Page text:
(The Center Square) – Pennsylvania’s Basic Education Funding Commission hearings ended in Harrisburg this week, where charter schools took center stage.
After months of painstaking reflection on the inadequacies of the state’s funding, charter school administrators were asked to defend against commentary from others within the educational community who believe that their schools are a drain on district budgets.
“I can think of very few things in life that are one size fits all, and we are serving a segment of the population that is for whatever reason unserved,” said Mark Allen, CEO of Pennsylvania Leadership Charter School.
Charter school administrators noted that they serve a wide variety of students in the same communities as district schools, many of them offering alternative programming and pacing to traditional schools.
Jane Swan, the CEO of Reach, a statewide cyber school, touted the benefits of charter flexibility. Her students can enter accelerated programs, as well as receive year-round schooling to those who need more time in the classroom.
“It’s not a competition,” Allen said. “I think that there is plenty to go around.”
Though, the sentiment isn’t always shared. Allen noted that when traditional schools were forced to pivot to digital schooling during the COVID-19 pandemic, he reached out to districts across the state offering his school’s assistance backed by years of experience, but said none of the schools replied.
Moving past the tensions between traditional and charter schools, the commission also heard testimony about student services, libraries, and literacy, demonstrating the roles that schools have come to play outside of academic instruction.
Angela Marks, founder of the nonprofit tutoring program Reading Allowed, warned against the dangers of illiteracy her organization wants to ameliorate. Students who cannot read by third grade are four times more likely to drop out of high school, creating a “school-to-prison pipeline.” According to Marks, the national benefit would be upwards of $2 trillion if adults were brought up to merely a sixth-grade reading level, a task that should be undertaken by the schools instead of organizations like hers.
Dr. Adam Oldham, a high school counselor representing the Pennsylvania Coalition of Student Services Association, emphasized the need for consistent funding to fill staff placements, which do not have a specific funding source and are often the subject of budget cuts.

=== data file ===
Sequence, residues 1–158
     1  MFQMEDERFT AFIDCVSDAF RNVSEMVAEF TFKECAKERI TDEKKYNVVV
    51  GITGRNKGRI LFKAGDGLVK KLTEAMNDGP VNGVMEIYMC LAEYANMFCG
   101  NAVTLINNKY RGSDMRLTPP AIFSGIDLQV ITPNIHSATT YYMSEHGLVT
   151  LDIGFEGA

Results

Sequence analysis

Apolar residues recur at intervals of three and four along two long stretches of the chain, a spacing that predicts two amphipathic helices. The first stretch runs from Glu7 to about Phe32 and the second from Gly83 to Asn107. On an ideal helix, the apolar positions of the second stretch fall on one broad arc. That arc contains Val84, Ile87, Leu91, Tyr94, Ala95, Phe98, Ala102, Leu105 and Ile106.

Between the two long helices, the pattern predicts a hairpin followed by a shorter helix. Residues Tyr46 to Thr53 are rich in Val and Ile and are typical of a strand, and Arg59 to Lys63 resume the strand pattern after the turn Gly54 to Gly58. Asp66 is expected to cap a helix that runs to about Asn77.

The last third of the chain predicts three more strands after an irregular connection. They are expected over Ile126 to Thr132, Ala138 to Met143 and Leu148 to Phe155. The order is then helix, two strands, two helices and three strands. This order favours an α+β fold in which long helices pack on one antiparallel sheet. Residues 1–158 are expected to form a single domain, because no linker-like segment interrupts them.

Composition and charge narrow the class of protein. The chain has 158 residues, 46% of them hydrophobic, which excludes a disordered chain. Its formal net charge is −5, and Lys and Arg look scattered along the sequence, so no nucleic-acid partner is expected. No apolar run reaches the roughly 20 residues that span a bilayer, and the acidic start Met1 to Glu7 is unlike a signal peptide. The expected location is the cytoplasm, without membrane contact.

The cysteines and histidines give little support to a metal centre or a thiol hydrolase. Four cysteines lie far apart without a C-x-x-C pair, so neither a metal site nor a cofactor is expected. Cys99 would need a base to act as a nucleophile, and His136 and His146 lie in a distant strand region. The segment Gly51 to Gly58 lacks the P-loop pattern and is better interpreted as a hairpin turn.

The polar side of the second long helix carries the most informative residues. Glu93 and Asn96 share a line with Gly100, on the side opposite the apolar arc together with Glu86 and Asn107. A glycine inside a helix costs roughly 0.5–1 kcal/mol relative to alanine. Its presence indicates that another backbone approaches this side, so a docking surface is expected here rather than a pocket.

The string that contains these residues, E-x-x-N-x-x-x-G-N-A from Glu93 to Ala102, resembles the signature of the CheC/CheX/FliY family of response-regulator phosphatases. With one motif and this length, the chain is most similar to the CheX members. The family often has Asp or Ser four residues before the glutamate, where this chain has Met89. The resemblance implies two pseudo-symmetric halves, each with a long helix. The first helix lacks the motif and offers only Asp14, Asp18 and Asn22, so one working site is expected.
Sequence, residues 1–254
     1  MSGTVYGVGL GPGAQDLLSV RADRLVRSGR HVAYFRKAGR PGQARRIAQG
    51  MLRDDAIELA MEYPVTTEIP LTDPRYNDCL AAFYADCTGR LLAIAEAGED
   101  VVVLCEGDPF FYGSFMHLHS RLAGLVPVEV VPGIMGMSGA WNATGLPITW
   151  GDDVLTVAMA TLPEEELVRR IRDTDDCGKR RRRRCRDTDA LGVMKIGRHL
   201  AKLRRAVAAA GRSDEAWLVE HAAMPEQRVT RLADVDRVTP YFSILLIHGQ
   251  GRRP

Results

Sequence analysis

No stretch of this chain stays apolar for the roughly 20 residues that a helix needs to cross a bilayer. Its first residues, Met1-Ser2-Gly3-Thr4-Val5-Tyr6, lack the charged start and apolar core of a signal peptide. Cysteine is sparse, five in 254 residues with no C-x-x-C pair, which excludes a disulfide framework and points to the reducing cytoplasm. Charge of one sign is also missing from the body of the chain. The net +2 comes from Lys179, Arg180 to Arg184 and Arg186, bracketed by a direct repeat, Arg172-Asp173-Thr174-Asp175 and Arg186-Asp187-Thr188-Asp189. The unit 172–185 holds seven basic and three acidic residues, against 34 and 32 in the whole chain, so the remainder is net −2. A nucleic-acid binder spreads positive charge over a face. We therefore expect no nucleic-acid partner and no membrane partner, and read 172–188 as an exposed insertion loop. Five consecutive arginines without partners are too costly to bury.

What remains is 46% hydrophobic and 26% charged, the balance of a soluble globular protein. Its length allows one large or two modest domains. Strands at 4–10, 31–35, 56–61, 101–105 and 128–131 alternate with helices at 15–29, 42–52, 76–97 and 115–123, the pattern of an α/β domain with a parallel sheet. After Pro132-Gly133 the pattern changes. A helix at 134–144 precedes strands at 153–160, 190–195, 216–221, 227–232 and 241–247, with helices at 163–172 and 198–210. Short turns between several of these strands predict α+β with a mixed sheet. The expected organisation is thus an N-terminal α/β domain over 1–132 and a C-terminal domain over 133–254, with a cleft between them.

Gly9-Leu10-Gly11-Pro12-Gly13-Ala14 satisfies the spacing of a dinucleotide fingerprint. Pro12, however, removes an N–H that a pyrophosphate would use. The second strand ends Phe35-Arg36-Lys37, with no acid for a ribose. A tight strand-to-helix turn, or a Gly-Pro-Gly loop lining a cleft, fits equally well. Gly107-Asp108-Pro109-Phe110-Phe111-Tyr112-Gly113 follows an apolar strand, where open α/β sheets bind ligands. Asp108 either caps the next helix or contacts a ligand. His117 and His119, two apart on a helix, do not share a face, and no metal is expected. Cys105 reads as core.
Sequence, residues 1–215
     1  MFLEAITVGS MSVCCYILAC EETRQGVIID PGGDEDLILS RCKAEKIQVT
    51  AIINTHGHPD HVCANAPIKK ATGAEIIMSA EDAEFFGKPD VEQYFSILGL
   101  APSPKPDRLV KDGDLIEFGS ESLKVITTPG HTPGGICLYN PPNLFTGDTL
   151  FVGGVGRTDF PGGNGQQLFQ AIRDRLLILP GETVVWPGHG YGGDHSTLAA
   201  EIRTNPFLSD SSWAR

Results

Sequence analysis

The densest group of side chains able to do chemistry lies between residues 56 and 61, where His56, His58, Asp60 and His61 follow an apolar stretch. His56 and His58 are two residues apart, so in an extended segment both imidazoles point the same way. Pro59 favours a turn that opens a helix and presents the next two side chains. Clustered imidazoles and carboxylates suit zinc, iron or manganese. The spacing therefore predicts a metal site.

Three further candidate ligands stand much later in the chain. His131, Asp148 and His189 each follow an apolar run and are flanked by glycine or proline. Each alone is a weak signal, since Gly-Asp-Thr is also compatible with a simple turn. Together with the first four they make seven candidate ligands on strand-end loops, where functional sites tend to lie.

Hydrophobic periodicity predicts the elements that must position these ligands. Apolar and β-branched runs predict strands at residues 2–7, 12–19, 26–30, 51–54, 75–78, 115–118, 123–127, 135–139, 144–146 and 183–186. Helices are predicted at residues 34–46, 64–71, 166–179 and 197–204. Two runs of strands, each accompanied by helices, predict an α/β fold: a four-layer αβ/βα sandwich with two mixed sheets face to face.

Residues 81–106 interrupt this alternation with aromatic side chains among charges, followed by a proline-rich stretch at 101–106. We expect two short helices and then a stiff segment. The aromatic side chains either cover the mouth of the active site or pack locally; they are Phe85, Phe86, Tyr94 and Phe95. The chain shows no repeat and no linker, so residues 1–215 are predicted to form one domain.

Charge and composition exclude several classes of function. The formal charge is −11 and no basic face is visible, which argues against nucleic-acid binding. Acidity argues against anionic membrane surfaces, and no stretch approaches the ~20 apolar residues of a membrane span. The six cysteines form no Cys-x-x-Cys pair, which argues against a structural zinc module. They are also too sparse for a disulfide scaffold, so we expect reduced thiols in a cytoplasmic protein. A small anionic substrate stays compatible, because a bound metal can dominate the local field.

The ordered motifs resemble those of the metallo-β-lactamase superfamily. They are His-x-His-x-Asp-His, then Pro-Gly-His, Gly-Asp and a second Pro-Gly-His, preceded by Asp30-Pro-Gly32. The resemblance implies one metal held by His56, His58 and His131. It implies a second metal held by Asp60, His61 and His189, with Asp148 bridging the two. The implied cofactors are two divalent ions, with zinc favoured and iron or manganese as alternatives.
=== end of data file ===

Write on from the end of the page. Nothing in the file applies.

He recounted the story of a 12-year-old Philadelphia student who died from an asthma attack in a school without a nurse. Another student died by suicide after unsuccessfully attempting to meet with an overburdened counselor who simply did not have time in the day to see every student.
“In light of the intense and pervasive needs we are experiencing today, are these really the kinds of cost savings we can continue to justify?” asked Oldham.
Even when the stakes are lower, Oldham warned of the potential harm for filling staff roles with a revolving door of temporary placements and insecure funding. Many of the students who rely most heavily on school services have already experienced loss and significant hardship in their lives. An effective counselor can ultimately become “another person leaving” when they are unable to continue in the positions that fostered relationships with their students.
Just as safe people are essential to student success, Christi Buker, executive director of the Pennsylvania Library Association, argues that the same can be said for safe spaces like public libraries, which can play a role in student education.
“Libraries provide extensive focus on early learners from birth to kindergarten, after school programs and resources for school-aged children, summer reading and learning programs that have multiple benefits, support for teachers and homeschoolers, and career development,” said Buker, who added that libraries also offer public access to internet and technologies that are not yet available across the commonwealth.
The funding commission’s hearings over the past several months have revealed a system with needs in seemingly every direction, and yet the state’s mandate is clear; solutions — and adequate funding for them — are non-negotiable.